Banks are typically the first place small businesses consider when seeking a loan, however, the landscape for business lending has changed substantially in recent years, with alternative banking options gaining significant credibility. There are a plethora of new, hip funding sources on the rise – and as their popularity grows, banks are feeling a disconnect. Over a third (37%) of respondents from ath Power’s most recent survey on Small Business Banking would consider obtaining business loans from alternative lenders and 42% would consider government-backed loans.
Nonbank alternatives come in a variety of forms, from Peer-to-Peer lenders like Prosper and Lending Tree and B2B lenders like Fundera or OnDeck to Rewards-Based Crowdfunding like KickStarter and Equity-Based Crowdfunding such as OfferBoard. Most of these sources are online-based and sought for their convenience and the ease/speed of obtaining the funds. However, the downside of nonbank alternatives is the lack of a personal touch and trusted advisor relationship.
It has never been more critical for traditional banks to find ways to differentiate themselves from alternatives that may offer greater convenience and accessibility. While keeping pace with online and mobile banking services is essential to providing convenient and flexible banking practices for the modern small business, there is no doubt that the relationship between business owner and banker remains the key component for enhancing the perceived value of the business banking experience.
Plain and simple, Small Business Owners (SBOs) are looking to grow their business, while streamlining their finances and running their operations as efficiently as possible. Certainly, a lending partner with superior technology is important, but having a Small Business Banking Specialist who understands their needs and is committed to their success can make all the difference to an SBO.
This is what traditional banks can use to their advantage, as the customer experience is paramount.
By focusing on adding value through the provision of a superior customer experience, banking institutions will be better positioned to attract new small business banking clients – turning prospects into satisfied clients – while improving retention with their existing customer base.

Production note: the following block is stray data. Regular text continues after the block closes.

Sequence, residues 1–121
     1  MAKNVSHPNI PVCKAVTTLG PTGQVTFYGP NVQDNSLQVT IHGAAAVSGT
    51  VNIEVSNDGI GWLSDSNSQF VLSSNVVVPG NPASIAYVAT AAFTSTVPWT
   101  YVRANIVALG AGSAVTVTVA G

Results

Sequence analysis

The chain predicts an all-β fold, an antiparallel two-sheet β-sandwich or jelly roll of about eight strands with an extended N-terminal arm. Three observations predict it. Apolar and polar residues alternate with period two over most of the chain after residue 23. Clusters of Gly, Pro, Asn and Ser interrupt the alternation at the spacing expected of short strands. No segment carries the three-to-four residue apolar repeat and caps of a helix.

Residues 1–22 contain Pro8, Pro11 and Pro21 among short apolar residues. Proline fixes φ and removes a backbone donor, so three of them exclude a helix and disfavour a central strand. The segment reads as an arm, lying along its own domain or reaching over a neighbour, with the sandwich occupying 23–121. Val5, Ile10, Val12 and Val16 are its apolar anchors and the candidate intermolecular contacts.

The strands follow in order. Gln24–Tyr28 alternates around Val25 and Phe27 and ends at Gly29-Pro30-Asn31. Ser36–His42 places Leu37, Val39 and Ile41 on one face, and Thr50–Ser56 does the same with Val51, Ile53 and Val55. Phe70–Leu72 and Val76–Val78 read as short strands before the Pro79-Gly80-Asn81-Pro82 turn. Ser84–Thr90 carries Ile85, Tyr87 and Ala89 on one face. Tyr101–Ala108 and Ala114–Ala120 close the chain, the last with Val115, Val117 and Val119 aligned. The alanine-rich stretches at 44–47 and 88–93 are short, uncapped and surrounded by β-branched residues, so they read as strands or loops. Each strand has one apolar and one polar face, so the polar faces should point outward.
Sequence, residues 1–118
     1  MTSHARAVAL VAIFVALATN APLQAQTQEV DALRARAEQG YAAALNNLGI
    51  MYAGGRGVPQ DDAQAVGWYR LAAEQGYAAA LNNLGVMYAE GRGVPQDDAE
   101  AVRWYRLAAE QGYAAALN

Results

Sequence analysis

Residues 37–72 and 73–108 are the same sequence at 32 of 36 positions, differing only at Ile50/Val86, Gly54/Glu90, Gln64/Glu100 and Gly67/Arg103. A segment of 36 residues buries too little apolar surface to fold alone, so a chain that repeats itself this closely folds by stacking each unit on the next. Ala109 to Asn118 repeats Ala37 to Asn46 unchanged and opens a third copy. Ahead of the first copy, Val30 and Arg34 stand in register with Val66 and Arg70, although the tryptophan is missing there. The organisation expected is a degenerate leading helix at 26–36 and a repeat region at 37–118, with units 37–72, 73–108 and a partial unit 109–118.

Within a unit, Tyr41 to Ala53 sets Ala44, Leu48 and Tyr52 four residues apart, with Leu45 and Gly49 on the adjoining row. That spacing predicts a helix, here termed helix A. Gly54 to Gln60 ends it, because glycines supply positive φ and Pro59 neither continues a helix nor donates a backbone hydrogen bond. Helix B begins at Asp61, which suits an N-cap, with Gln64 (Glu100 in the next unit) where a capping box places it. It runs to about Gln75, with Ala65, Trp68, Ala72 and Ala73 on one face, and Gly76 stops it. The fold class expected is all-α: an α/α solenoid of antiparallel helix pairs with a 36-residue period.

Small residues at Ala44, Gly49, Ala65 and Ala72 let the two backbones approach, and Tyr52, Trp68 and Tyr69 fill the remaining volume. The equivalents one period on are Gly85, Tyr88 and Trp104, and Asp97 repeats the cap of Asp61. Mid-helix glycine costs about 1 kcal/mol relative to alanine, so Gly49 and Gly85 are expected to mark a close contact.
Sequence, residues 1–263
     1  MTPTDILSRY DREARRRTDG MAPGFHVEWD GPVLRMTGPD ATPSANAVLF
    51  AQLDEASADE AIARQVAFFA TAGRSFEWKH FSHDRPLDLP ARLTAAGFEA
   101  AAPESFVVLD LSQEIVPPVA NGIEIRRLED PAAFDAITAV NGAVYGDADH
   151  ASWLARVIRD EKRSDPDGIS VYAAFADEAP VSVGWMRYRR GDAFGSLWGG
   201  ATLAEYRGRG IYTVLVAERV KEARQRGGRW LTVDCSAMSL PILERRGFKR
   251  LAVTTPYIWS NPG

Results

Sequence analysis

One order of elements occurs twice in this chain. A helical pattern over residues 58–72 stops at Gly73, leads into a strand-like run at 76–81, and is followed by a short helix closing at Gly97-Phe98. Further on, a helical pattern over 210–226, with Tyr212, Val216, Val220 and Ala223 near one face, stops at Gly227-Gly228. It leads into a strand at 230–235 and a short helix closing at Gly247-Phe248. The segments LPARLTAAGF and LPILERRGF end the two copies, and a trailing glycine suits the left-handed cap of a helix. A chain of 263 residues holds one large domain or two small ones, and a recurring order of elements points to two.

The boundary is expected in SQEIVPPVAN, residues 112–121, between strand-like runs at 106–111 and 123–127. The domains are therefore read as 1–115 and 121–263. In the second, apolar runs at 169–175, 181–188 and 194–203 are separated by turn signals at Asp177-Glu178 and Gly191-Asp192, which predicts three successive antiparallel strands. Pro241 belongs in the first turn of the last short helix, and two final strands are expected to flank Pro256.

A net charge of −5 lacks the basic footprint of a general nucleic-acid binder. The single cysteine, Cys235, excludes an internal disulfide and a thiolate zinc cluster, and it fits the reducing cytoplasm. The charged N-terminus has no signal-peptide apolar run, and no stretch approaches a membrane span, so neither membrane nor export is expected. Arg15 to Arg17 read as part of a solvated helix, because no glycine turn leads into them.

Be knowledgeable about loan products and services. This should go without saying, but being educated on not only your bank’s own offerings, but the nonbank alternative options available today, will help build your case and knowledgeably explain if and why your offerings are better suited for the SBO.
Provide a low-stress environment. Let’s face it, SBOs are highly stressed and the last place they want to feel it is from their bank. Make sure they know you are there to support them and see them succeed, not to shut them down.
Be the trusted advisor the SBO can turn to for financial advice at a moment’s notice. Despite the growing importance of the business banker as a source of information and counsel, very few small business owners (only 8% of customers in ath Power’s recent survey) feel that their bank provides to them a business specialist who acts as a Trusted Advisor. When a Trusted Advisor relationship is established, small business owners are more than twice as likely to recommend that bank and rarely show any inclination toward switching banks.
Respond quickly and courteously to questions/requests. One of the reasons SBOs often turn to nonbank funding sources is the speed of the process. If your bank is dedicated to targeting Small Businesses, make sure there are processes in place to handle incoming inquiries right away. Additionally, provide your Small Business prospects with regular updates.
Offer tools and solutions that nonbank alternatives do not. Typically, nonbank funding sources do not offer anything besides the actual cash infusion to help the SBO succeed. Our research suggests there may be opportunities for banks to expand their relationship with small businesses by providing services that help owners manage and develop their business. Examples may include tools for supporting day-to-day tasks, such as generating invoices or creating legal documents or managing the finances of the business. Other types of tools may be provided to help business owners tap into technologies for uncovering efficiencies (e.g. automated credit monitoring of customers) or expanding markets served (e.g. tools for developing a Web presence).
For more information on how we can help your organization improve customer experience and increase retention, please contact ath Power via email at firstname.lastname@example.org or by clicking the request more information button below.
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